12 August 2002

It’s quite early again, but nothing as early as yesterday morning, that I find myself at the computer; in fact I have slept fairly well.

Here is part of a meditation I just found on Interlude, a site I find a comfort quite often when the world seems a bit awry. Here is an extract:

“The willingness to harm or hurt comes ultimately out of fear. Non-harming requires that you see your own fears and that you understand them and own them. Owning them means taking responsibility for them. Taking responsibility means not letting fear completely dictate your vision or your view. Only mindfulness of our own clinging and rejecting and a willingness to grapple with these mind states, however painful the encounter, can free us from this circle of suffering.”

Jon Kabat-Zinn

Which is a bit Buddhist, but that’s OK.

Things are a bit tough right now.

* * *

To follow on from yesterday for a bit.

Morality obviously includes far more than sex; there is a range of interpersonal issues, and indeed recent corporate scandals, not to mention war and so on, raise yet more issues. At the interpersonal level my own bottom line is that each of us is entitled to his/her integrity, freedom of choice, self-respect and personal safety. Families at best are meant to foster that bottom line. In sexual morality one enters a minefield; the hard Church teaching that sex is somehow evil (and gloss it as they may that is what they have taught) and that the only legitimate sex is in marriage for procreation rather than pleasure is unsustainable, and even the Church itself very often backs off from that. That leaves a lot up to individual choices.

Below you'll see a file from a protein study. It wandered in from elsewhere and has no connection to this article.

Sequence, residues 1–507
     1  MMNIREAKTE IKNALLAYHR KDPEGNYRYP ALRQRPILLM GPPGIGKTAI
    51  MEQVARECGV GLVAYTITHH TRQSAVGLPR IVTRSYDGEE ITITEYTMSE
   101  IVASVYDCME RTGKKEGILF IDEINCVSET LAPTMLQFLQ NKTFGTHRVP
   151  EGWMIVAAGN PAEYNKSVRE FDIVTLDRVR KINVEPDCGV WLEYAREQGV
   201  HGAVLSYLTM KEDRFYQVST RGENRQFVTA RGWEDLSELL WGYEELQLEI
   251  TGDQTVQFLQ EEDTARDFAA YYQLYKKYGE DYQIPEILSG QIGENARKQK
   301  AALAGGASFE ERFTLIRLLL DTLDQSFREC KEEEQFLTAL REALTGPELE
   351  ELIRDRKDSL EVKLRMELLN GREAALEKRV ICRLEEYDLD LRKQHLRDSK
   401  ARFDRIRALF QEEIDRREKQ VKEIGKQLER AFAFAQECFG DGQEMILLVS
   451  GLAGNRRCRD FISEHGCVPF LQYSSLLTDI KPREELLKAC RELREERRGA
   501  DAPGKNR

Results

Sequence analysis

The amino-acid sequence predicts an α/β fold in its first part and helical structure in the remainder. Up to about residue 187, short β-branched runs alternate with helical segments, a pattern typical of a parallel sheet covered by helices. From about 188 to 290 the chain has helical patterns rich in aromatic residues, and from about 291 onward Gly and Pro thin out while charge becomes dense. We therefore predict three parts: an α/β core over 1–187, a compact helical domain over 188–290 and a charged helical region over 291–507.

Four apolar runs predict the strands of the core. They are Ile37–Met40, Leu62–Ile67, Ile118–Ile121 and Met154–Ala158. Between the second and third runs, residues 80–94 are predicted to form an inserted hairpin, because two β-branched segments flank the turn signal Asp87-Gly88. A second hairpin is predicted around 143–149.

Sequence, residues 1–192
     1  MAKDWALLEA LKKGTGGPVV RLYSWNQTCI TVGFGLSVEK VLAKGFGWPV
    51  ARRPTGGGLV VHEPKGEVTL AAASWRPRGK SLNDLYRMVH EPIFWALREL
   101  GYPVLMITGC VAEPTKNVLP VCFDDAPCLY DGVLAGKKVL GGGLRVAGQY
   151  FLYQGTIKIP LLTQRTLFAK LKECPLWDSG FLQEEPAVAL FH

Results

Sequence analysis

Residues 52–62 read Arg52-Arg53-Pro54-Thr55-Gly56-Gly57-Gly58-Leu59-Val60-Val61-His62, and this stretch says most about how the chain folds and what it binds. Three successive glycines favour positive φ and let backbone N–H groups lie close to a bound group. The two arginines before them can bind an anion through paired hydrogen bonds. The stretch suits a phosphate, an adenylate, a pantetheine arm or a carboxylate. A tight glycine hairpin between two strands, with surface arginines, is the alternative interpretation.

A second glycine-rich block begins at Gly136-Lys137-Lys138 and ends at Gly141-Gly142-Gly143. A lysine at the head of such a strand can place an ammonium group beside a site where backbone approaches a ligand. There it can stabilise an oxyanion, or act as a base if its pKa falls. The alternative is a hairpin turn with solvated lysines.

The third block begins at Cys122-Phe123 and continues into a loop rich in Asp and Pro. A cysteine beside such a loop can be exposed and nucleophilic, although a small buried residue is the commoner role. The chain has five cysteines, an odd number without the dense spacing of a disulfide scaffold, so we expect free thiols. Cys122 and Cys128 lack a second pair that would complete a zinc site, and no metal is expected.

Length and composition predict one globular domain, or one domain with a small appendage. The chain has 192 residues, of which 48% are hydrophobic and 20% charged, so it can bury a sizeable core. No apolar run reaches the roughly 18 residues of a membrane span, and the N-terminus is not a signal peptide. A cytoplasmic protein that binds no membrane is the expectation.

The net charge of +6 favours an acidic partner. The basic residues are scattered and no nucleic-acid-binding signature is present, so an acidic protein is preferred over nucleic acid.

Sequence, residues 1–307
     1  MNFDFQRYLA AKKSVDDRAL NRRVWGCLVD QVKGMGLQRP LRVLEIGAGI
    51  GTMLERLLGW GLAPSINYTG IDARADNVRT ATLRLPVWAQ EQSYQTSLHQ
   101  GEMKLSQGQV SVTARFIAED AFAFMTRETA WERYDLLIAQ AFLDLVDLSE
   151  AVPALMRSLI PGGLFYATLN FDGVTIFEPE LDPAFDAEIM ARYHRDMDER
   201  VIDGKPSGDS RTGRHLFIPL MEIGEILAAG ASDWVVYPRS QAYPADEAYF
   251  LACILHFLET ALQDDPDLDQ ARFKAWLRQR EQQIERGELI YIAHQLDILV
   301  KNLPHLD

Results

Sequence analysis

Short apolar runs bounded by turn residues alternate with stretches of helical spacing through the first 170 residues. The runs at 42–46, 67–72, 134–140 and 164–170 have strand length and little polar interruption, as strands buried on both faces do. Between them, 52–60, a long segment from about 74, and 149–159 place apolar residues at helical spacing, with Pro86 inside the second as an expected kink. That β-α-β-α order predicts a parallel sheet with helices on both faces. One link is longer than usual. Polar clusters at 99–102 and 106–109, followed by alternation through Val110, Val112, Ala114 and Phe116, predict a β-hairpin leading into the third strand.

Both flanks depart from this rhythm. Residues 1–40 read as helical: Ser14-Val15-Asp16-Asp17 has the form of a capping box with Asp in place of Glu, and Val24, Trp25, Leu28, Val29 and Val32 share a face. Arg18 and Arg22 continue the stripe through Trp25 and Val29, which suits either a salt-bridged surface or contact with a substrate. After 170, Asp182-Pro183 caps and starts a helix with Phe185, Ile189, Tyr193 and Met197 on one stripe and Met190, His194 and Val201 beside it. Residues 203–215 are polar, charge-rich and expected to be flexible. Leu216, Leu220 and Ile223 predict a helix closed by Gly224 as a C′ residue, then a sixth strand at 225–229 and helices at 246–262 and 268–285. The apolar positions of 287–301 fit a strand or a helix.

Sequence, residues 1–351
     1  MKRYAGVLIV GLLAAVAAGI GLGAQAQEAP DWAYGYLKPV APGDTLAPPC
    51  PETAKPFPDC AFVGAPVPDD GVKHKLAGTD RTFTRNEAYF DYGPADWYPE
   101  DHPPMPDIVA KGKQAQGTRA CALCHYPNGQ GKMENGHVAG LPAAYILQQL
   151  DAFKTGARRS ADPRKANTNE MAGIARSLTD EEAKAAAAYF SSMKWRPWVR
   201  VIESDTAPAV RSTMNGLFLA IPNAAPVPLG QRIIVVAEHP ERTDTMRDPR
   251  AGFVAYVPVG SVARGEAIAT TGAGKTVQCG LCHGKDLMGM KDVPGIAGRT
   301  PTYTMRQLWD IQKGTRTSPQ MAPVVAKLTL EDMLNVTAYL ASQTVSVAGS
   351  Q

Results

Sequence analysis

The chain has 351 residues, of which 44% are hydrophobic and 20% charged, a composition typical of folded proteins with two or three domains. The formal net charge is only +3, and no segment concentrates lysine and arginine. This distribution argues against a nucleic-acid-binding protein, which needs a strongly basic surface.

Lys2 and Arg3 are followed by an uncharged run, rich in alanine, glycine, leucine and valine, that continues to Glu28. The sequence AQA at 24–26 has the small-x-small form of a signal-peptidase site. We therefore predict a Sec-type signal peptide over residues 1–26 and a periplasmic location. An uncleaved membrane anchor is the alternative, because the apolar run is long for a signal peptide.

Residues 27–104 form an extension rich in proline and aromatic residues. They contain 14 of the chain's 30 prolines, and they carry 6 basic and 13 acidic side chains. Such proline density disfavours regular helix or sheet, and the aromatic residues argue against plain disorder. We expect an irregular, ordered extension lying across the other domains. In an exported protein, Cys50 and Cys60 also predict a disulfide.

My own choice is very conservative. There are practices that some, gay and straight I might add, consider highly pleasurable, but I don’t. I have been rebuked sometimes and called boring, but it is what I am comfortable with and that is where I must stand. I have had delightful times of intimacy with those I have been in relationships with where sex is part of the program. At the same time I have had delightful moments of intimacy (but not sex) with some where sex is NOT part of the program. I like human contact, it can’t be denied. But love, friendship, affection and all that are the most important things, and we all need to experience these without feeling got at somehow. I think so, anyway. What do the rest of you feel?

* * *

Marcia [the Head Teacher English at SBHS] says I look tired, which is to be expected. Work is climaxing with the Trial this week, and a few other issues such as having to speak to the Parents and Citizens Association on multicultural matters next week, and some students who have pressing problems to be dealt with. But in its own way this is rewarding–assuming I survive of course.

Colleagues 2002

It is particularly galling to know that I am being misjudged in another quarter, perhaps, which explains my tendency lately to argue so much on various issues (that we all have).

I now have more socks than you can poke a stick at, thanks to M. The soup is good. And I just had a phone call from Marcel Proust, who seems a decent guy.

Well I have dinner to get, and two essays to mark. There may be more lurking in my email!

13 August 2002

Heartfelt

My heart goes out to this student involved in the overambitious HSC English Extension course on postmodernism; email arrived yesterday and issue talked through in class today:

Sir,

I was hoping to see you today (Tuesday) but due to my devotion to doing well in school I was unable to attend class. Nevertheless I was hoping to see you tomorrow after our lesson Period 4. I’m aware that you have other commitments and this may not be possible. If you could email me a reply tonight (if you get it tonight that is) it would be greatly appreciated.